Our research shows that most people believe the mortality rate to be between one and five percent. Other research has shown that people overestimate the likelihood of nuclear power plant accidents. On the other hand, people under-estimate high probability hazards that are less memorable such as certain diseases (Covello, V.T. (1995) “Risk Comparison and Risk Communication: Issues and Problems in Comparing health and environmental Risks in Kasperson, R.E. and P.M. Stallen (eds), Communicating Risk to the Public, Dordecht: Kleuer Academic Press).
These points are very important in the context of a scientific defense of causation in the courtroom. If the plaintiff has suffered an injury that is familiar to the juror or easily imagined, then the juror is likely to overestimate the likelihood of it happening and believe the defense should have anticipated this likelihood and done something to prevent it (further reinforced by the hindsight bias in which people tend to view something that happened as inevitable and therefore something that could have been anticipated). If the injury or illness is unfamiliar to the juror, the juror is likely to see it as a rare event that therefore is likely to have an idiosyncratic cause (such as the product or substance the plaintiff claimed caused it).
The second heuristic is the representativeness heuristic. This refers to the tendency of people to ignore the size of the sample and the base rate when making inferences about causation. Let us take the example of PCBs. Here the literature used by plaintiffs is replete with scientific studies that rely on very small sample sizes and which make no attempt to compare the prevalence of a disease the sample to the prevalence of the disease in the general population. But these studies are still appealing to jurors. If someone has PCBs in their blood and a disease that has been related to PCB exposure, jurors tend to ignore the base rate of the percentage of people in the population with PCBs in their blood (which is one hundred percent).
The work of Paul Slovic on the perception of risk also tells us a great deal about how laypeople’s reasoning affects how they will see the defense’s evidence on general causation (for a good summary of his work, see Slovic, Paul and Elke U. Weber (2002), “Perception of Risk Posed by Extreme Events,” Paper prepared for discussion at the conference “Risk Management Strategies in an uncertain world,” Palisades, New York, April 12-13, 2002.). Slovic points out that the way in which experts calculate risk differs greatly from how laypeople calculate risk. In both instances there are subjective components.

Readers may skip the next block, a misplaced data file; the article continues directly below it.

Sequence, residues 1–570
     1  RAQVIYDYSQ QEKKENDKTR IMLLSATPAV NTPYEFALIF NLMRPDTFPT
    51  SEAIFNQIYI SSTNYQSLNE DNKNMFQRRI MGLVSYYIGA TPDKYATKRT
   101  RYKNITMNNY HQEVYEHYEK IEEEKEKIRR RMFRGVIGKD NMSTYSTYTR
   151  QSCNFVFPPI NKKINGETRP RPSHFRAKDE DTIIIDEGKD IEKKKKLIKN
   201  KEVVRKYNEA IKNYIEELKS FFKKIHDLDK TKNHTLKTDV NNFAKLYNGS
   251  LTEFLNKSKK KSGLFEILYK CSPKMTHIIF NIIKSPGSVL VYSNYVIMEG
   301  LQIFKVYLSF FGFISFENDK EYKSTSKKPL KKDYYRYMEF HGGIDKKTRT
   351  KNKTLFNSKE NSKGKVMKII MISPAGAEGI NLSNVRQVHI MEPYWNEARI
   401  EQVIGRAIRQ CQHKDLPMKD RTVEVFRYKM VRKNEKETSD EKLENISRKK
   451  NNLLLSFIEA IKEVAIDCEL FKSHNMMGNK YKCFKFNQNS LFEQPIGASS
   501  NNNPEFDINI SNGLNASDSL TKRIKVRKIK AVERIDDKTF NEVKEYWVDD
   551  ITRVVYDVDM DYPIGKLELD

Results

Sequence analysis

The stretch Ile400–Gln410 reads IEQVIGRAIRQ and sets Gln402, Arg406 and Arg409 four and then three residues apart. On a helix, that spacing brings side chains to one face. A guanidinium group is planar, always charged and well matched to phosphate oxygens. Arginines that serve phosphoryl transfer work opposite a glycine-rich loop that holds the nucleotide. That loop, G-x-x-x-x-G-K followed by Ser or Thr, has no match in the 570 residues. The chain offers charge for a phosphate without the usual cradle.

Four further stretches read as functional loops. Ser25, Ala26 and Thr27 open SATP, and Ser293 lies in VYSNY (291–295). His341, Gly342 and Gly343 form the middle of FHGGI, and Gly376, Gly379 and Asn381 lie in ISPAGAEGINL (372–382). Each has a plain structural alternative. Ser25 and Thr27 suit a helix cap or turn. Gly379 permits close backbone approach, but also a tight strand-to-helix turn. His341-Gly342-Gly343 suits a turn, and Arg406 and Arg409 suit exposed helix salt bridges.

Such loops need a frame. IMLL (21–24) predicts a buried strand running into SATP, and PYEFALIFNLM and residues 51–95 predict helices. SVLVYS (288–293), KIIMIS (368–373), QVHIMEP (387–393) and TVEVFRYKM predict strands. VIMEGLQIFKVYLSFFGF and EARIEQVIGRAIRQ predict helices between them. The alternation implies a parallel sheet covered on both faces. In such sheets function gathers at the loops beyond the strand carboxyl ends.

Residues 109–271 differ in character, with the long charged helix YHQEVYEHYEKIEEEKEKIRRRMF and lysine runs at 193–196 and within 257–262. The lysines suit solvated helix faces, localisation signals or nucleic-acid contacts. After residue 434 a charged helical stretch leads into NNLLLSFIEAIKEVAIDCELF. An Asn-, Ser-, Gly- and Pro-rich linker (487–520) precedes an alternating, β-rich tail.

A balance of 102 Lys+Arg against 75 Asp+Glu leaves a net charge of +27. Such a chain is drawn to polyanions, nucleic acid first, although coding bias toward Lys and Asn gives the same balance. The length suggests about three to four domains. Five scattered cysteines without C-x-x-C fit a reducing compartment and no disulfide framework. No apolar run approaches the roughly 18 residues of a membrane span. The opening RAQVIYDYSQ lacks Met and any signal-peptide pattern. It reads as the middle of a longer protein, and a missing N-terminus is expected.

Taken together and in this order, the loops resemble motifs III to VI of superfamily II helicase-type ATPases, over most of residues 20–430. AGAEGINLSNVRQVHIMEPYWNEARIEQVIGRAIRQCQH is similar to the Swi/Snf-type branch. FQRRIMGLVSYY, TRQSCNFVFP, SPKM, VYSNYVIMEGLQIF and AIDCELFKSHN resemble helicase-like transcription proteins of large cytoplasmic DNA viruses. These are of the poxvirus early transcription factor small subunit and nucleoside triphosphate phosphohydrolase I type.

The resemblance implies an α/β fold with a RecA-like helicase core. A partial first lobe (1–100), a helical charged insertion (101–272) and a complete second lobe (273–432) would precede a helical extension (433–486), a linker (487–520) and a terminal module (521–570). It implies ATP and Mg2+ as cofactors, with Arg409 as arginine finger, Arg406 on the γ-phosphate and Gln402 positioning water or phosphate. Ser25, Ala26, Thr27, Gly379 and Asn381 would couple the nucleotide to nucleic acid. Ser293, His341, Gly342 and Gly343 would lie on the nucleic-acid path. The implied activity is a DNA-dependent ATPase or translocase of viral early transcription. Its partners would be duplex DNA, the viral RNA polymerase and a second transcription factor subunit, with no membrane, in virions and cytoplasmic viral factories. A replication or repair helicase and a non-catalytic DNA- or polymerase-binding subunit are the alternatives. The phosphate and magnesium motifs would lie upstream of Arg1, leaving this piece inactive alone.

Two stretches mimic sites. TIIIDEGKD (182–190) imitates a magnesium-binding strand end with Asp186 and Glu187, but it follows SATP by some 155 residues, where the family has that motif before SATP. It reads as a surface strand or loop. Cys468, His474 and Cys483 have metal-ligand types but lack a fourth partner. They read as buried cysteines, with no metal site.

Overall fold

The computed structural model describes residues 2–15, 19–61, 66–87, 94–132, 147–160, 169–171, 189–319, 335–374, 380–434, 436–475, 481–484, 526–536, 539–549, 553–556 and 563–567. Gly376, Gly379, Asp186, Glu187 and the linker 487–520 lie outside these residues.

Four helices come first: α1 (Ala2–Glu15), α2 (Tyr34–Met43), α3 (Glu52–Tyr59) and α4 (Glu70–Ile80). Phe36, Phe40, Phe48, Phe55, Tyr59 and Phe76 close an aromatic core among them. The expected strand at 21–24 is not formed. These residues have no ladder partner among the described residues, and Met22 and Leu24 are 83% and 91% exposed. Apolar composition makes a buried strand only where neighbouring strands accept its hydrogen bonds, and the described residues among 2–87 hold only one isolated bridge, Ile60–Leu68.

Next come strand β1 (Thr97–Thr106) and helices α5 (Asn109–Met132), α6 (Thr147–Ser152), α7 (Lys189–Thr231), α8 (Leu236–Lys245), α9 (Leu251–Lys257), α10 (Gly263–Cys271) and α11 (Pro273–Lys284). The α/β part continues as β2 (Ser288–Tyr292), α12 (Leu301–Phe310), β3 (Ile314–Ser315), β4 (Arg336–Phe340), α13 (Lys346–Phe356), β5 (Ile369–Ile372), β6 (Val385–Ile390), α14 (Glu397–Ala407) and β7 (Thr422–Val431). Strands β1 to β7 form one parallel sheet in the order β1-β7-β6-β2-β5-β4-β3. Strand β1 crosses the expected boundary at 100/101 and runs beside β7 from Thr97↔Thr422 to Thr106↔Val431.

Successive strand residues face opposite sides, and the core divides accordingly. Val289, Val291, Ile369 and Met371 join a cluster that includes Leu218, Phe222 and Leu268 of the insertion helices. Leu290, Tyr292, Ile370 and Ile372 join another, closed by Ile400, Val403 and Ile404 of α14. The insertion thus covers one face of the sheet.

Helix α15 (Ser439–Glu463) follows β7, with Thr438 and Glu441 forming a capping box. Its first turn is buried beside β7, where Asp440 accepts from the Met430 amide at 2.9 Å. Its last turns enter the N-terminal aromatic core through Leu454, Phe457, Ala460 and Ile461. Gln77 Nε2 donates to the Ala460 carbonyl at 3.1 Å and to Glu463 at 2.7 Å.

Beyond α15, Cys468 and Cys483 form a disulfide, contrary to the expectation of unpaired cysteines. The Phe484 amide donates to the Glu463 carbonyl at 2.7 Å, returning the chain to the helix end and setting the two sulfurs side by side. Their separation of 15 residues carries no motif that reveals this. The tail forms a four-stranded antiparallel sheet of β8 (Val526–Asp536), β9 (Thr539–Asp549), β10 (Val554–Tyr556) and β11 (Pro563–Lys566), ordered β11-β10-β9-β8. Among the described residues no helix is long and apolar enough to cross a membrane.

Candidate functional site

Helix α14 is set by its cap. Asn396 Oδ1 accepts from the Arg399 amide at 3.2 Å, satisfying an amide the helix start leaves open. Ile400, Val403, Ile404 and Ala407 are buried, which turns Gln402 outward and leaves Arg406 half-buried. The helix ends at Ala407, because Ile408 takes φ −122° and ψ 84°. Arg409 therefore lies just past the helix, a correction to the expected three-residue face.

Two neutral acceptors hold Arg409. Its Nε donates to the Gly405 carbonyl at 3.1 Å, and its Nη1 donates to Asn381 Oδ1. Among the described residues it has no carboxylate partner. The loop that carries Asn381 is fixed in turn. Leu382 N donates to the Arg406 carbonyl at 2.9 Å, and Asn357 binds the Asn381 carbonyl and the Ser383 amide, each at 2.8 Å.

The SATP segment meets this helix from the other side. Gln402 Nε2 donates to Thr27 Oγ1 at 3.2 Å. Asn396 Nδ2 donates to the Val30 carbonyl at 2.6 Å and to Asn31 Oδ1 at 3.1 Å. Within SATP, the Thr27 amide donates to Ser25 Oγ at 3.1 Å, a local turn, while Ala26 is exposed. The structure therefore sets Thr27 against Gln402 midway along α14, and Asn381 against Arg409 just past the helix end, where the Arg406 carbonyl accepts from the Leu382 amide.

Applying Slovic’s findings to a toxic tort case, for example, a juror will be more likely to perceive a substance as possessing great health risks if, among other things, exposure to the substance was involuntary, the plaintiff did not know he/she was exposed, the effect of exposure was delayed, and the risks and benefits to the public are unfairly distributed. At one end of the spectrum is a situation where a worker who had been warned of the dangers of exposure to a chemical used in manufacturing an important product knowingly exposes himself to the chemical and suffers an immediate injury.
At the other end of the spectrum is a person who as a child was exposed through groundwater contamination to the same chemical which was disposed of as waste and develops an injury many years later. A juror’s perception of the risk of the chemical to the public at large (or to him or herself) will be much lower in the first situation than in the second. Although proving a causal connection may be more difficult for the plaintiff in the second situation, jurors will be much more bothered by it, and therefore, motivated to find a connection.
Jurors who reject the defense’s general causation argument are not necessarily ignorant or stupid. They may simply be employing forms of reasoning that we all use to negotiate everyday life. But among the results of these forms of reasoning are:
1. A tendency to see patterns and clusters where there is actual randomness (a disease cluster, for example).
2. A tendency to believe that any chemical is toxic and that exposure to any amount of that chemical has the ability to cause any disease.
3. A tendency to trust studies based on small sample sizes as well as anecdotal evidence.
4. A tendency to ignore the prevalence of a disease in the general population.
5. A tendency to confuse correlations between exposure to a substance and the presence of a disease with a causal relationship.
In everyday life, scientists and lawyers do not behave like scientists and lawyers. For jurors a trial is everyday life. They do not and will not reason like experts. To the lawyer and scientist, jurors may be making mistakes in their reasoning, but they are not. They are doing the reasoning of everyday life. How this is done with scientific evidence can be understood and consequently the evidence can be presented to them in a way that makes sense to everyone, lawyers, scientists, and jurors alike.